The other thing I am going to do today is to look for extra containers to water wild animals. Even as we speak, with my sprinkler on those bushes, jays, titmice, and catbirds and probably more bunnies are drinking what they can, and some are bathing too. I saw satyr butterflies, trying to puddle in that area as well.
If your animals are out in heat like this, make sure they have adequate shade and extra water. If you don't have trees, you can make shade with a tarp and some bungie cord if you need to. or a sheet. It is cruel to leave any living thing out in this heat. Even desert animals burrow underground to escape scorching heat like this.
And if it won't drive up your water bill, if you live in town, turn those sprinklers on for 10 or 15 minutes so the local birds and such can get wet and cool off. Conserve water, but don't forget to share it. If you have ice, dump some into your bird baths and watering bowls in the heat of the day and make sure these are in the shade as well. You don't want desperate animals burning their bodies or their mouths on water that is almost boiling.
Today is another fire watch day. I am not finished filling out my drought monitor report. And this will be included with maps. I think that mine will be long and I might snail mail it. I might also include some references to news stories with my own tales of rescuing heat stressed wildlife. And photos.
Last year we saw wild turkeys going into gated communities with their poults to drink from sprinklers. The drought had driven them from the woods. I was glad the water was available, but I cringed seeing those babies on those chemical lawns.
Last year in Texas, I saw desperate feral bees clustering in garbage cans trying to drink the left over sugar water in discarded soda cans. This isn't uncommon, except that there were no flowers anywhere and it looked like a whole colony had turned out to scavenge these gas station cans. The poor things wanted water and food. There were just so many of them and they were aggressive because they were dry as a bone.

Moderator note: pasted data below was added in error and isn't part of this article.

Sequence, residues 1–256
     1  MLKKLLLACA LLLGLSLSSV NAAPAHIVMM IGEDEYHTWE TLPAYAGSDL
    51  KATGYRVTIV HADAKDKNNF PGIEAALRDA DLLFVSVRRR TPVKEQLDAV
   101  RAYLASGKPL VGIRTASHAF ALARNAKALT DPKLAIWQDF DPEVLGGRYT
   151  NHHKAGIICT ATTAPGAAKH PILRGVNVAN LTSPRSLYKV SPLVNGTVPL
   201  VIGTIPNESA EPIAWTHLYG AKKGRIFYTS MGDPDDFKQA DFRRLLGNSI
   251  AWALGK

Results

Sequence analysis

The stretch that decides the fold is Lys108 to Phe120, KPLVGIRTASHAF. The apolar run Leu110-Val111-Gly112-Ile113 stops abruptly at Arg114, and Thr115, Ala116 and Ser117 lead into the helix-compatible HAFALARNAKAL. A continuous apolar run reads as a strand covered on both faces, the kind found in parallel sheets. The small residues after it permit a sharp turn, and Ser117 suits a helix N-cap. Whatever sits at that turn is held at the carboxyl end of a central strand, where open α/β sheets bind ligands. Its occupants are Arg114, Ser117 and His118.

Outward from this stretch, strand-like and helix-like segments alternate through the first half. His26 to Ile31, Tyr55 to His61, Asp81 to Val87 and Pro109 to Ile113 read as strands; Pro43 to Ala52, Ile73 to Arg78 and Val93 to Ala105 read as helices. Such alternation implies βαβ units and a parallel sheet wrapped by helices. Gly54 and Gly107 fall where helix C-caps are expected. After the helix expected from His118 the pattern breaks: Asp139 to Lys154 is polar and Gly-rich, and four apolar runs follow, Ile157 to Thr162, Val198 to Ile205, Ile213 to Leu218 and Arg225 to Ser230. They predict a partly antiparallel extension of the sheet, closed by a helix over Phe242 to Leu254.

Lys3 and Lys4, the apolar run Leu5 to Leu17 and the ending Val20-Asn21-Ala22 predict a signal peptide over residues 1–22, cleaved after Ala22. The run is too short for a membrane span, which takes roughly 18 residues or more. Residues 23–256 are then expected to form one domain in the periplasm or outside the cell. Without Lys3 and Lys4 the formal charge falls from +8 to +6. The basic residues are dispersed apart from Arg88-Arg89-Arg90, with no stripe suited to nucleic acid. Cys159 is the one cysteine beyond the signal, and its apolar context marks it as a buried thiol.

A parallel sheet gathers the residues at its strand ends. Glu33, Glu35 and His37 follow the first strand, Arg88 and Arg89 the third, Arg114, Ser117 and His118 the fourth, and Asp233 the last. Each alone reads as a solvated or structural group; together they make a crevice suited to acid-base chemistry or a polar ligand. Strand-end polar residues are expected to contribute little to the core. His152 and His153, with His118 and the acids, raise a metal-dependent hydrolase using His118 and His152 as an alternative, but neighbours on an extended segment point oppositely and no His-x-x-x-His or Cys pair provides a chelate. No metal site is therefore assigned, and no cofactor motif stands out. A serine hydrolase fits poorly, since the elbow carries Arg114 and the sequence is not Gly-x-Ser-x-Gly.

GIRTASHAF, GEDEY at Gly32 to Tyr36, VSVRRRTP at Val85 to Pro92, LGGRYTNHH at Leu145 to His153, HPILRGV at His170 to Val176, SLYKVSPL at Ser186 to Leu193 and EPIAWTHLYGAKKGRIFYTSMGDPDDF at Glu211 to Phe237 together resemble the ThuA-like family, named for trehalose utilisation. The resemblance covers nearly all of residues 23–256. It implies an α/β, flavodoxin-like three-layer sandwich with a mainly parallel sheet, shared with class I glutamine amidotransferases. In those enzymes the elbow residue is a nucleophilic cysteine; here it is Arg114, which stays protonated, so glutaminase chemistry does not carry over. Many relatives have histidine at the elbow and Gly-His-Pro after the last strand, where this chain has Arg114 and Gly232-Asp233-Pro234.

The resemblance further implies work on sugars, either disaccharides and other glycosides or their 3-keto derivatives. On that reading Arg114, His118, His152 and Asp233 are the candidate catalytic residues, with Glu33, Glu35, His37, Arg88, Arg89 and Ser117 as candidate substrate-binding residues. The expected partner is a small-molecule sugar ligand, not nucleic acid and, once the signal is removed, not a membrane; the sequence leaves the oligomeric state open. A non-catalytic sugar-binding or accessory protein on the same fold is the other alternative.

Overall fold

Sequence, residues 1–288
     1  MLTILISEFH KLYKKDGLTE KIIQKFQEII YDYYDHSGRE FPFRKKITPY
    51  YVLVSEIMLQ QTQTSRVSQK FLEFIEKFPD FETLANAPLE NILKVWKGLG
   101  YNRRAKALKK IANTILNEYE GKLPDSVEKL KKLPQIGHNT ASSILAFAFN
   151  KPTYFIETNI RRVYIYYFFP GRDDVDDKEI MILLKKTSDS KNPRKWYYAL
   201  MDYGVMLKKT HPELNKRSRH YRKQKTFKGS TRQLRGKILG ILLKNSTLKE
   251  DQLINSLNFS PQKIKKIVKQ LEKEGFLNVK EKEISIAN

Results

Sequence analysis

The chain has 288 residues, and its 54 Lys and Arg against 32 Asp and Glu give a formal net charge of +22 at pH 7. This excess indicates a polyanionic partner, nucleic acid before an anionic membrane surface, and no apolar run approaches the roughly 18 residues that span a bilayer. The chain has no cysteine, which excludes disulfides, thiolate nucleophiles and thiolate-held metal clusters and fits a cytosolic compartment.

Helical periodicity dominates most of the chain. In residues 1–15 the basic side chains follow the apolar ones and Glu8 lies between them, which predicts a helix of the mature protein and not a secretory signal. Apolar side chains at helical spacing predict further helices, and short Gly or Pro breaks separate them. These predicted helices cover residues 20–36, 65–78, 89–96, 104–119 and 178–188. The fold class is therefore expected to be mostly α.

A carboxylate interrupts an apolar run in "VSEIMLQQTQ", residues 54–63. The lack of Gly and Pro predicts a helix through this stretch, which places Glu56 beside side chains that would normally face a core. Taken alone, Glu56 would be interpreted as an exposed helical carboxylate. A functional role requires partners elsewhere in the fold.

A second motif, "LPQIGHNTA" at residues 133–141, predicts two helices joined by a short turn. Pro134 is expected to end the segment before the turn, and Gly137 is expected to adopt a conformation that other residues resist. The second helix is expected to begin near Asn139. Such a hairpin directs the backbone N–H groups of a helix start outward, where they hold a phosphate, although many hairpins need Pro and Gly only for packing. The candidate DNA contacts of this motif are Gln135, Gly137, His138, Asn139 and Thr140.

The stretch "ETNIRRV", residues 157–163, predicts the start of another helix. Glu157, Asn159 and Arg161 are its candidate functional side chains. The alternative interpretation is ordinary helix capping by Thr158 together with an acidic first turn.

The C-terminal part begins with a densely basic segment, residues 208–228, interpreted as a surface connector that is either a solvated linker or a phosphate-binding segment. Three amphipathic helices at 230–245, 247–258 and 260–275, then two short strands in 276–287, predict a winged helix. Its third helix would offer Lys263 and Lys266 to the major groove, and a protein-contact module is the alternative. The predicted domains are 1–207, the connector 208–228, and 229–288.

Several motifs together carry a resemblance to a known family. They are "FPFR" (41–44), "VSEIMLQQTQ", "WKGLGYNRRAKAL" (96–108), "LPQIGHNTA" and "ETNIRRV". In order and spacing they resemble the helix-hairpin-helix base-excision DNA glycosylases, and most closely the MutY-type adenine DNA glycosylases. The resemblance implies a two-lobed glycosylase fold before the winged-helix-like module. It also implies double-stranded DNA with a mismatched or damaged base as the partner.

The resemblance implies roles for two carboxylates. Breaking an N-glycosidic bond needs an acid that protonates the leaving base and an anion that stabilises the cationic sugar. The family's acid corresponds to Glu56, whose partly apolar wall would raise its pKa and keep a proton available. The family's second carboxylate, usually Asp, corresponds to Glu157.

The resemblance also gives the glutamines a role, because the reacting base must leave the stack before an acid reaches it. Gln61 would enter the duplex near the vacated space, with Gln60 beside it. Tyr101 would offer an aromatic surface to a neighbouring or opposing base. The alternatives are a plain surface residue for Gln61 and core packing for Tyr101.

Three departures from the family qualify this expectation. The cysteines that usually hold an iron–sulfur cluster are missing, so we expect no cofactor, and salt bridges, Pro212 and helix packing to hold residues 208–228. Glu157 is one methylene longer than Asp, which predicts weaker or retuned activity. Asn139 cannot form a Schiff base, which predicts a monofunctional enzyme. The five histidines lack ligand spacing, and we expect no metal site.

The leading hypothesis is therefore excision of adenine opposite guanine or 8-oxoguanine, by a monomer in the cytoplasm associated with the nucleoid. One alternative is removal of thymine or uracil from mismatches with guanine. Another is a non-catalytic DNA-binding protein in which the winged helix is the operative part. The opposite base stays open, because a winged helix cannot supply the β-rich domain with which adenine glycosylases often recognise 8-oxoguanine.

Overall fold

If you are in a store and this happens to you, you can make a feeder and a waterer and put it away from your entrance, your cans and gas pumps. The critters will go to that instead and leave you and your customers alone.
If you are affected by wildfires, if you have lost trees, or gardens or crops, if your roads are buckling under the heat, if you have rescued wildlife or neighbors from heat exhaustion or yourself ended up in the ER as a result--you should fill out a report. If your well has gone low or dry, if you have been subjected to water rationing, if your water bill has gone up, if you have not been able to swim in area lakes due to a drop in water level and a rise in algae or bacteria you should file a drought monitor report.
Good luck to everyone dealing with drought and high fire danger. And sympathy and good thoughts to those enduring the clean up of their burnt homes.
6:32 AM PT: BTW, the Temp yesterday was 113.
5:15 PM PT: The temperature today is 113 degrees again. I am going to be mapping out areas for my drought report, showing roads lined with dead trees and including photographs in that report as documentation.
I truly believe that if enough "civilians" meaning regular citizens file these reports with pictures and personal accounts, that this could further the discussion about global climate change in our country from an entirely different direction. See link provided in diary above or in previous diary to file your own report.
Stay safe everyone.
"WASHINGTON (AP) — The relentless, weather-gone-crazy type of heat that has blistered the United States and other parts of the world in recent years is so rare that it can't be anything but man-made global warming, says a new statistical analysis from a top government scientist."
This is for today, August 4th 2012.
More than 52,000 acres burned so far. We are expecting more hot weather today, with cold front bringing higher, shifting winds and potential lightning strike driven ignitions later.